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Arch Surg. 1925;11(4):519-528. doi:10.1001/archsurg.1925.01120160032002.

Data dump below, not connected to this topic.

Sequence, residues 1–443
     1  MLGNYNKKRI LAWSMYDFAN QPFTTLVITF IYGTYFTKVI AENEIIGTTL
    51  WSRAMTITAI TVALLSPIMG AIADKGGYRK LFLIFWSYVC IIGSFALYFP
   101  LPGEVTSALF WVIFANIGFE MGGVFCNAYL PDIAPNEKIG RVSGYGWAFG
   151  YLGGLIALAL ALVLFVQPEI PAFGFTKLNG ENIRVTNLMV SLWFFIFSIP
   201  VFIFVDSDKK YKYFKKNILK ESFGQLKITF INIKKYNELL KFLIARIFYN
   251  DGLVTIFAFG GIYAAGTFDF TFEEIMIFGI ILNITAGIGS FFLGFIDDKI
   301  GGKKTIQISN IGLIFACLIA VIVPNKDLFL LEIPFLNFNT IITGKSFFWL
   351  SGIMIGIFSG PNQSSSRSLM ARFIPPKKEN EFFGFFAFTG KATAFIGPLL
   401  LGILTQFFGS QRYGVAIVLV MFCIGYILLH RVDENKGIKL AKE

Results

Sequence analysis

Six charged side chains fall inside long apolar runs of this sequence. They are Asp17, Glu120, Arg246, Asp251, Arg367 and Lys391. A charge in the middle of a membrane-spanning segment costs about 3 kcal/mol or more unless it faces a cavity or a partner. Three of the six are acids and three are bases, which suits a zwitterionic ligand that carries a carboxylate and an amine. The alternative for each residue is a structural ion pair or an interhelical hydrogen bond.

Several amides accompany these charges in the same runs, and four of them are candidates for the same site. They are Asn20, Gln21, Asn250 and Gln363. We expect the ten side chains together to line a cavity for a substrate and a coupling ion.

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It has long been recognized that Meckel's diverticulum has been the exciting factor in a wide range of abdominal pathologic conditions. Priority must be given to Littre,1 who, in 1770, reported a case in which the diverticulum was the sole occupant of a hernial sac, and thus gave his name to this type of hernia. Ruysh2 called attention to it, in 1701, in his "Thesaurus Anatomicus," and gave it the name of diverticulum and presented an illustration. Johann Friederich Meckel3 was the first to describe in full this vestigial organ, and advanced the theory that it originated in the remains of the omphalomesenteric duct. Indeed, Fitz,4 in 1884, said: "We owe to this author (Meckel) not only the universal acceptance of his theory of origin of the pouch in question, but also are indebted to him for calling conspicuous attention to its importance in the causation


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